GLENVILLE -- The Town Board approved a 2019 town budget Wednesday night -- but not my much.
With the board's two Democrats, Michael Godlewski and Michael Aragosa, voting against the spending plan because of its 2.34 percent property tax increase, the budget was approved by a 3-2 margin.
"I vote yes. It is a very strong, very fiscally balanced budget for the people of the town," said Town Supervisor Chris Koetzle, a Republican who repeatedly sparred with Godlewski and Aragosa over the tax increase, which the Democrats said could have been smaller with different fiscal policies.
Godlewski said the tax increase could have been reduced to below 2 percent if the board were willing to dip further into the town's fund balance, which stands at just over $1.9 million. Koetzle has made it a policy to reduce the town's dependence on the fund balance, and next year, he plans to take only $20,000 from it.
Godlewski called Koetzle's fund balance policy "a self-imposed mandate."
"The tax rate increase, to me, is a little high," Godlewski said. "It just comes down to a question of philosophy."
Spending will total $18.34 million, up from $17.35 million this year. The total amount to be raised through property taxes would go from $8.7 million to just under $9 million.
The increase, following a 1.68 percent tax increase in 2018, still keeps the town under the state-imposed tax cap, which for next year would allow taxes to rise by as much as 3 percent.
For a home assessed at the town average of $174,000, the annual tax bill for general and highway services would rise from $737.76 to $755.16. Many residents, however, also pay special district taxes for water, sewer, fire protection and other services.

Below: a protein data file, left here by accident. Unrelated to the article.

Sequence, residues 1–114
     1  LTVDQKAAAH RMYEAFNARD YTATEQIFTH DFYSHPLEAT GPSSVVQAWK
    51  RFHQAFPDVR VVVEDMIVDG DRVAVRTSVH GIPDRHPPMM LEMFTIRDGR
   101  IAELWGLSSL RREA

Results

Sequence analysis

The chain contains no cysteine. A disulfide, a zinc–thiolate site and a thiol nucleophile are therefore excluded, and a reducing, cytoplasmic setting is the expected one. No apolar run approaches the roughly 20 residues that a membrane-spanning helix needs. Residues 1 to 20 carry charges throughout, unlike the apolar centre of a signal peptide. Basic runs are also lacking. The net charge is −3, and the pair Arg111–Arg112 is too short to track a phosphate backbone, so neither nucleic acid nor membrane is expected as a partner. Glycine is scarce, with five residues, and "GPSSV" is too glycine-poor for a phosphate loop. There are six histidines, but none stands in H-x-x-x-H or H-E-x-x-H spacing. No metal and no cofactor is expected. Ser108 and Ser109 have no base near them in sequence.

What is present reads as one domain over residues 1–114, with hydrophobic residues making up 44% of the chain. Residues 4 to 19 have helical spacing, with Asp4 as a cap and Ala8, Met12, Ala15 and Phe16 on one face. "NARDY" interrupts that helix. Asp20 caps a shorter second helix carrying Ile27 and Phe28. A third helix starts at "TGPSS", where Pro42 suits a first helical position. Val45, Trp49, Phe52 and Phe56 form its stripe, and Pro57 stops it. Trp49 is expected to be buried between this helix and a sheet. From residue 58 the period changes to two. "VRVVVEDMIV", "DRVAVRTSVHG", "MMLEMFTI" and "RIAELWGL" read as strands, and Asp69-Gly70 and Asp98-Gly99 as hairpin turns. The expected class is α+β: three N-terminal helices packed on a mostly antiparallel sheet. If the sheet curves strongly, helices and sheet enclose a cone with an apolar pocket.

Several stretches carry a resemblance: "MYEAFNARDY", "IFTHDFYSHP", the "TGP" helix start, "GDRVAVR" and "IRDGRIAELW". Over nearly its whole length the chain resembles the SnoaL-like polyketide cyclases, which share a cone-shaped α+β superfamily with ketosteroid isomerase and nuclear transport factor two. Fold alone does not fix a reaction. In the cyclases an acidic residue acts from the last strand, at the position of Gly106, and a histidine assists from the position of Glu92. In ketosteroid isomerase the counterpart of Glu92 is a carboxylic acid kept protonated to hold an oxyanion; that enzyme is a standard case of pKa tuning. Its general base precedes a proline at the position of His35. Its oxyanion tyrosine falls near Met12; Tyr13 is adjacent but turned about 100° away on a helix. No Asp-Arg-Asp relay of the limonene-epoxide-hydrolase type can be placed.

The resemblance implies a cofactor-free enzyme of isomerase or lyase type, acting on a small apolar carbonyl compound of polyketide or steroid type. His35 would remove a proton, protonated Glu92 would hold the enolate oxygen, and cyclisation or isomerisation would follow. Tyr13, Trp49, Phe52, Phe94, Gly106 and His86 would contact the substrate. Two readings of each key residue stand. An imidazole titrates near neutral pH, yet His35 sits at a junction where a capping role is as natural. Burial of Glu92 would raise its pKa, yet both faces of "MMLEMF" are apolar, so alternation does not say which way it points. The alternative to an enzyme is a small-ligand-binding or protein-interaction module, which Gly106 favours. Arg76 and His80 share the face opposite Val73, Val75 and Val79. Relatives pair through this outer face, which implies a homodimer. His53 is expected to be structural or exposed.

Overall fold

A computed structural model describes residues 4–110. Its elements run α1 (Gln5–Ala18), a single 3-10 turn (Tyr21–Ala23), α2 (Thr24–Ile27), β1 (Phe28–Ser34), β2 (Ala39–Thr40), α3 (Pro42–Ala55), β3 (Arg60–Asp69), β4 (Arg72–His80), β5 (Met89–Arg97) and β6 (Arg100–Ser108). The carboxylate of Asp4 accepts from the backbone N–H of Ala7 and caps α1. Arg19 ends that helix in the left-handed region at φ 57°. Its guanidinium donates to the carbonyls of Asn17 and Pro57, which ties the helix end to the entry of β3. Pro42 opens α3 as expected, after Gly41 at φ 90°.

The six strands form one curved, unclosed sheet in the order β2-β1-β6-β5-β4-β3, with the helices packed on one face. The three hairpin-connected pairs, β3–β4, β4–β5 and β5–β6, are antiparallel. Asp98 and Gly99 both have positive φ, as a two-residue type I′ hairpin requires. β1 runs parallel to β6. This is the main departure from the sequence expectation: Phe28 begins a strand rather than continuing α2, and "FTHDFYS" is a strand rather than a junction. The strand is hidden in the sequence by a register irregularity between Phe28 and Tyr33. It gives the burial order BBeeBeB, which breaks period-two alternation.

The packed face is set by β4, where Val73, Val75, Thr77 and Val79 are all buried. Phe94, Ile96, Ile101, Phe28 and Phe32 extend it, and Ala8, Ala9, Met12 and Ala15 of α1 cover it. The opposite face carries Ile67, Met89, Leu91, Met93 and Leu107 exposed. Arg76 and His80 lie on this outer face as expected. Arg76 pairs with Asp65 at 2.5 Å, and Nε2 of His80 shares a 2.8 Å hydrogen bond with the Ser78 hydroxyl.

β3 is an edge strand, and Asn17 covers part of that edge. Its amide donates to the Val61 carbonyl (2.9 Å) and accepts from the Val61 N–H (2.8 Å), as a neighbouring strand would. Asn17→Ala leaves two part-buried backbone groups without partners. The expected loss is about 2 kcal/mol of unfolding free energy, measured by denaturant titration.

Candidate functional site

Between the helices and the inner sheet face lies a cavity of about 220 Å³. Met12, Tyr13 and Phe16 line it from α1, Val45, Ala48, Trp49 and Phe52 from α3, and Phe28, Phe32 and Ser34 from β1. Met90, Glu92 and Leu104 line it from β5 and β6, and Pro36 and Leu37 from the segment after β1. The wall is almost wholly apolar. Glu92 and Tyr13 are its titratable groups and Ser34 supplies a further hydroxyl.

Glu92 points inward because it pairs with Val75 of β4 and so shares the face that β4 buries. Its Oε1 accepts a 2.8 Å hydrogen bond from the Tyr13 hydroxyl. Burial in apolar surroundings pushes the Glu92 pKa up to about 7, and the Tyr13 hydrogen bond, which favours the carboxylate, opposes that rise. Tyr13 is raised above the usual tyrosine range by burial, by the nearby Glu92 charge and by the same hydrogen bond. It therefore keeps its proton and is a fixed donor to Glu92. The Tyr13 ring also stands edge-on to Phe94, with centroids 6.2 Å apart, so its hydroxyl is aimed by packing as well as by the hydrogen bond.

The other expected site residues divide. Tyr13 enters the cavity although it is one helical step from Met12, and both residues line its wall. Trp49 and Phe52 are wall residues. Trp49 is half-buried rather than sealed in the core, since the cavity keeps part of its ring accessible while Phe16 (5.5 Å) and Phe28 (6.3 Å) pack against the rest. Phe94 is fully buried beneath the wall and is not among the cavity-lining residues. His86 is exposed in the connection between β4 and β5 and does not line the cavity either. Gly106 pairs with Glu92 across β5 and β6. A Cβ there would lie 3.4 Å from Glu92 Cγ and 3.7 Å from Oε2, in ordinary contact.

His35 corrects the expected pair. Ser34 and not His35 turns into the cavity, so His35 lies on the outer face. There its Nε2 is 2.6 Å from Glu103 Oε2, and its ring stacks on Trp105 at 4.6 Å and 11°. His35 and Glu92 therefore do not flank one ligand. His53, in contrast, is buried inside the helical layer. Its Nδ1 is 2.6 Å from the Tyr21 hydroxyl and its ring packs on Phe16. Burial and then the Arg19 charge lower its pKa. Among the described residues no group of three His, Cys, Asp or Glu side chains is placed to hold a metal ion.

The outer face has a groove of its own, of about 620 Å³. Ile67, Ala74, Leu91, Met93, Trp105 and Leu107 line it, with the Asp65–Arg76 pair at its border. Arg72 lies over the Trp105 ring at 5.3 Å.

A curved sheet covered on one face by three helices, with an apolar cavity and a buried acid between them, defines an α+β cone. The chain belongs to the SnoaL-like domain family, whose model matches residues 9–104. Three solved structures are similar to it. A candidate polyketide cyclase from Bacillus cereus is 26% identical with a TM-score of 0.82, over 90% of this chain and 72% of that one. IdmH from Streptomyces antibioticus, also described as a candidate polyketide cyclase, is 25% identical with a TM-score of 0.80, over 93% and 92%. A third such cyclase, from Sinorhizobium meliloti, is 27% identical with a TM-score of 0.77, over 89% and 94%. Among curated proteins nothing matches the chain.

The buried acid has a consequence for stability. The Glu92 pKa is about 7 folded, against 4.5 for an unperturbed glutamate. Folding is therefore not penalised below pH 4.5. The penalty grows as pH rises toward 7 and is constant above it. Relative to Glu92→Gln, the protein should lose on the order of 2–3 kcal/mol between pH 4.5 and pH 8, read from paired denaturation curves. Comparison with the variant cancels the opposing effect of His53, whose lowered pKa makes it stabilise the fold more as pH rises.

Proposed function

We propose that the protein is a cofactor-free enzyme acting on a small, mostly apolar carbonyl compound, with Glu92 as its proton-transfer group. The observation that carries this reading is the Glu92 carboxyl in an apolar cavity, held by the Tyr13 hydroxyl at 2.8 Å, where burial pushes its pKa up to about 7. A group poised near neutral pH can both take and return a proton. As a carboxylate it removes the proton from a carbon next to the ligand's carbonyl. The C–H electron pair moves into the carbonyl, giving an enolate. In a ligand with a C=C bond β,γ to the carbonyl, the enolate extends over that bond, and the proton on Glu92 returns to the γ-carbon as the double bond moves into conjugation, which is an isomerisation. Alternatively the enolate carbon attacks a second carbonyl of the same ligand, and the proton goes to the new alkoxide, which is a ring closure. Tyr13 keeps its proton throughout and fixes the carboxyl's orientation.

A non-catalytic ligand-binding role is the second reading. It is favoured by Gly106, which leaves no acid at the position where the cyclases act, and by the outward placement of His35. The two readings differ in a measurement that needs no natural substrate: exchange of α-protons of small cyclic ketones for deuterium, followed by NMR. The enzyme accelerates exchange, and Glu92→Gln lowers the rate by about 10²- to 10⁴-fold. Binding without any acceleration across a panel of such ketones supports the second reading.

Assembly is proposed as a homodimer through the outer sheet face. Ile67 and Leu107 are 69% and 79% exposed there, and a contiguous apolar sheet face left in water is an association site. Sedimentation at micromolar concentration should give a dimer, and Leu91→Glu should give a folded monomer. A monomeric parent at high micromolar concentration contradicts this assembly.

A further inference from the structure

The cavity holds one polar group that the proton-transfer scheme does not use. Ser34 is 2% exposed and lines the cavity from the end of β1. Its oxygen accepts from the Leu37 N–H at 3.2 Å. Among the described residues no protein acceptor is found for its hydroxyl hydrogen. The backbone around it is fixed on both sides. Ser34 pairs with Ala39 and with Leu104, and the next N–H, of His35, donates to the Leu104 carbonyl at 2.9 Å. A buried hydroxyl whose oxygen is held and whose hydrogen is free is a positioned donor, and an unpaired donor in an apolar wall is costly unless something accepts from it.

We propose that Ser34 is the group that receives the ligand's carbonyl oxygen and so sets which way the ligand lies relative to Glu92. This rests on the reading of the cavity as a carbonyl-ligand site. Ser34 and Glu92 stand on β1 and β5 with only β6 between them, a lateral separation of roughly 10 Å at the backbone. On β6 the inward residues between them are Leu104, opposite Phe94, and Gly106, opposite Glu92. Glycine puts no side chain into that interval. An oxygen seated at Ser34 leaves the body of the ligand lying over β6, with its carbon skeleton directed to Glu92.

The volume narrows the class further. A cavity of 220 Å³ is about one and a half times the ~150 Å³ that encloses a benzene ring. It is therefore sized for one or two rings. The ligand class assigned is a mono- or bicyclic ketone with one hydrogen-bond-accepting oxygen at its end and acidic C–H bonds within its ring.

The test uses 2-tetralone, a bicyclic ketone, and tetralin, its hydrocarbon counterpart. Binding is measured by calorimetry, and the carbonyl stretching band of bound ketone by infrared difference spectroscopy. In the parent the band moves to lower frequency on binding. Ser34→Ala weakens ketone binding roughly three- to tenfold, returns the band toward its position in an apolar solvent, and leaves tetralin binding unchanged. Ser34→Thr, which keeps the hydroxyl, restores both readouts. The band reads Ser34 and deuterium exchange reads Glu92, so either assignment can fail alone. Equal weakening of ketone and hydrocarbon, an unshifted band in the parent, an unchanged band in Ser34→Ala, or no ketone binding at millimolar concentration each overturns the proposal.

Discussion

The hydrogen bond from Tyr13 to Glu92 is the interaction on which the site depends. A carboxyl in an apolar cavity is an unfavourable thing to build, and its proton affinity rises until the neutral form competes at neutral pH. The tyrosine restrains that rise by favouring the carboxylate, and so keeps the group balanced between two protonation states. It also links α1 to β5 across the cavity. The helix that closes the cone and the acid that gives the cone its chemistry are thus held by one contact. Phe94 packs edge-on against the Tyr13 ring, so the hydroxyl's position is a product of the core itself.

Koetzle accused the Democrats of playing politics, given that two Republican-held Town Board seats are up for election in November 2019. Godlewski and Aragosa were both elected in 2017 and are the first Democrats to occupy Glenville Town Board seats in a decade.
"No one wants to raise taxes, but there's a difference between governing and campaigning, and that's responsibility," Koetzle said.
If anything, Koetzle said the fund balance -- sometimes referred to as a "rainy day fund," for its availability during municipal emergencies or an economic downturn -- should be larger. He said he would prefer to see it closer to $2.5 million or $2.7 million, or 15 percent of the annual budget.
"Two million dollars on an $18 million budget isn't that much," he said.
The Democrats disagreed, saying a rising fund balance would mean the town is collecting more money than it needs.
"The way I see it, we're saving money that may not belong to us," Aragosa said.
The new spending plan would add staff and equipment to the police, highway and parks departments to meet growing demands for town services, Koetzle said. It also allocates $500,000 from a reserve account to pay off outstanding debt.
Plans include completion of Maalwyck Park on Route 5, with $560,000 budgeted for a pavilion; restrooms; concession stands; a playground; an educational and cultural display; and complete electric, water and sewer services. Funding for that work is being borrowed, so the impact on next year's taxes will be minimal.
Additions to the town labor force include a full-time highway laborer, a new police officer as of July and a year-round, part-time parks laborer position. There are also plans to contract with an outside firm for a grant writer/grant administrator position, to help the town administer state grants it has received.
The budget includes an additional $72,000 toward restoration of the historic Yates Mansion, which the town purchased in 2017 and plans to renovate into a history center and small events space.